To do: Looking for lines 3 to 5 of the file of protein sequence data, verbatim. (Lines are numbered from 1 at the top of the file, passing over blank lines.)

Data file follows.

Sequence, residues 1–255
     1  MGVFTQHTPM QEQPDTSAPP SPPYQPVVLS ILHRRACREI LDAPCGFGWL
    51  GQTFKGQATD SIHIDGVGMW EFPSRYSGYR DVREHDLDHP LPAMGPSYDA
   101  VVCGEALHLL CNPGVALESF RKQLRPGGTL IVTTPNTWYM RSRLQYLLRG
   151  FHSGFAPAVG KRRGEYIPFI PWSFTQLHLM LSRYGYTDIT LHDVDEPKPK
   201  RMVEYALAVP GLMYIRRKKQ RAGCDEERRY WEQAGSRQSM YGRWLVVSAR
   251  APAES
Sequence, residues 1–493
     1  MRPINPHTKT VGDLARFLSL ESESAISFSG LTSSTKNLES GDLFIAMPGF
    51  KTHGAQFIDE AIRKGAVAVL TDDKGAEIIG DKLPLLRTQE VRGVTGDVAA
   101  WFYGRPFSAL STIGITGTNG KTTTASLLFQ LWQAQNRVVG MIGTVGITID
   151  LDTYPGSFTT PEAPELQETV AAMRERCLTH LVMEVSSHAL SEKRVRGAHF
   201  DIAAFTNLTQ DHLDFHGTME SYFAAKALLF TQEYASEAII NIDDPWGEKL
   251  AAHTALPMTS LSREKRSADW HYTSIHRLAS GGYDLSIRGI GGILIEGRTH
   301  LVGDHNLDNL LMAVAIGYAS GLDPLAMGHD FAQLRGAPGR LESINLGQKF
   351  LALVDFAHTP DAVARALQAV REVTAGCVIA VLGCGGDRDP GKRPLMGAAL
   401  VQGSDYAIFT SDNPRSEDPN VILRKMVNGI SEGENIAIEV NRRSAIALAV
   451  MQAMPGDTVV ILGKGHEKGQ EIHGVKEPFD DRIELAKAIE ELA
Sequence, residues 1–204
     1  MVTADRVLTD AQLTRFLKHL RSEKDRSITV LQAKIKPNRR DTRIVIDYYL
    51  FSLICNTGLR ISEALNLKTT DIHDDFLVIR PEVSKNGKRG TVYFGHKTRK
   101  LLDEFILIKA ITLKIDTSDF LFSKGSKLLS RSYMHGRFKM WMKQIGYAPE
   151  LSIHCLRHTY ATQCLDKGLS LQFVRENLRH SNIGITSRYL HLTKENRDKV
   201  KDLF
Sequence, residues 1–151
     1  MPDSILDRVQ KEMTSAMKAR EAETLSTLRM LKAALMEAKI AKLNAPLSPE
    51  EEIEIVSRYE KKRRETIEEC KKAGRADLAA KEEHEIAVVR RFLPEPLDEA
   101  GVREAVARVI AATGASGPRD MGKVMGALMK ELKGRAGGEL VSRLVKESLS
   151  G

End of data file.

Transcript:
    51  GQTFKGQATD SIHIDGVGMW EFPSRYSGYR DVREHDLDHP LPAMGPSYDA
   101  VVCGEALHLL CNPGVALESF RKQLRPGGTL IVTTPNTWYM RSRLQYLLRG
   151  FHSGFAPAVG KRRGEYIPFI PWSFTQLHLM LSRYGYTDIT LHDVDEPKPK